Early morning’s seldom seen magic will be on show for all wide awake eyes in Manchester this weekend, with an exhibition that’s a chronicle for the future.
The Not Quite Light Weekend features photographs taken at dawn of a streetlight-flecked Manchester as day slowly embraces everything from its towering outlines to its nooks and crannies.
The images are the work of local photographer Simon Buckley.
Manchester’s regeneration surge over the last two or three years has captivated the Bolton-born photographer, sparking an effort to produce pictures that have an agenda beyond aesthetics.
“I’ve not just gone for pretty views,” Simon told MM
“I’ve tried to tell a story and leave clues for future historians as to what Mancunians might have been thinking about their city as it changes.
“We’re going through a very particular period of change at this time, so I’d like to tell about how Mancunians felt about it.
“It’s a social history thing as much as art. It’s my feelings around my city changing.”
What started out as a photo course hosted by Simon at the Arndale Apple Store has quickly manifested – within three weeks – into mini-festival proportions.
Overwhelming enthusiasm for Simon’s work from the city’s creative community has now led to talks, debates, and three Periscope broadcasts this weekend to accompany the Not Quite Light exhibition.
The exhibition is on show from April 1 to 3, on a large plasma screen in a shop window at the Hive on Lever Street, with a screening also due to take place at a charity event DoNation at Redbank Co bar on Saturday evening.
As part of the Not Quite Light Weekend, Simon will also be leading a guided tour around the areas featured in his work, sharing insight into the social history behind the pictures.
“To me, heritage is a state of mind, not just bricks and mortar,” the photographer said.
“That’s what draws me to certain pictures – not because it’s visually nice, it’s because often layers of things in the picture, whether it’s architecture or things in the foreground, which relate further back.”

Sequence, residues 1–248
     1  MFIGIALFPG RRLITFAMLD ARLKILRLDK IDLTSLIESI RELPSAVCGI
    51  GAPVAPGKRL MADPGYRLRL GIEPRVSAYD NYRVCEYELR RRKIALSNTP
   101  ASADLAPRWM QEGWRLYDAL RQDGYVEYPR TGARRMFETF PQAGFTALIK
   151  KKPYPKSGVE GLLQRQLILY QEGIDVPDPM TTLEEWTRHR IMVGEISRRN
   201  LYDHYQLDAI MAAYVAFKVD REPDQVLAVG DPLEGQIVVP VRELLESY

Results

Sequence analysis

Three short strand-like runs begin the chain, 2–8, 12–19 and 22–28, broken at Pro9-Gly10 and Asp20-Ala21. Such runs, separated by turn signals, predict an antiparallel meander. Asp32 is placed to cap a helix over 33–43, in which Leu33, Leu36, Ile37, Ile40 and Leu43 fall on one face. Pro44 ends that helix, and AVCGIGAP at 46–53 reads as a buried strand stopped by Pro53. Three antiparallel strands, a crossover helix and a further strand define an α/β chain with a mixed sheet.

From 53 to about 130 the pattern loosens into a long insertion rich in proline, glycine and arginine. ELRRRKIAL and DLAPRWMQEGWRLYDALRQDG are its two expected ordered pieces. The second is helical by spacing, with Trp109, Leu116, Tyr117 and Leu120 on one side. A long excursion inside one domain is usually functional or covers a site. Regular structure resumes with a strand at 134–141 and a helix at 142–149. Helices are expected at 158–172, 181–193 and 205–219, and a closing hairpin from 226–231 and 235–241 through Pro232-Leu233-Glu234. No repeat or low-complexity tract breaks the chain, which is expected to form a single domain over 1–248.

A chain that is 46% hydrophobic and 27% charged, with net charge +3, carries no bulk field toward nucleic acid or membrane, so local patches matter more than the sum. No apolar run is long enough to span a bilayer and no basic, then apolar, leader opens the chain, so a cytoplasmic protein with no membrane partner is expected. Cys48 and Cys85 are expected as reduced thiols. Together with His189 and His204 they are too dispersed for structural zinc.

Not Quite Light has certainly come a long way since the photographer’s initial flash of inspiration 14 months ago on an early evening dog walk around Angel Meadow.
The area, once the site of Manchester’s largest cemeteries where around 40,000 people are buried, is still one of the photographer’s favourite places to shoot.
“I looked up at the CIS building with the lights glowing down across St Michael’s Flags and just thought ‘what would it be if this light brought these bodies back to life, and what would they think of the city around them’?” he said.
“What would they think of what we’ve done with their city?
“That’s where the soul of Manchester still exists. I think around there, because it hasn’t really been regenerated yet you still get the sense of Manchester ghosts and what it was.”
The old industrial contrast with modernism in Ancoats also particularly fascinates Simon, who used to live in the area and has spent the whole of his adult life in Manchester.
The city has long been special to him since he first made weekend trips to visit as a teenager, and thanks to his work he now feels closer than ever to it.
“I like the regeneration there,” he said.
“They’ve kept the soul of the place. You sort of feel that Manchester’s still at work there.
“It’s a very dynamic city and it’s made me love it more than ever – for all its dirt and grime!
“I’ve come to understand it in a way which I’ve not done in all the time I’ve lived here.”
If all goes well, there are hopes to repeat the Weekend on a grander scale this December with a Festival of Light inspired event.
For the full programme of events for the Not Quite Light Weekend click here.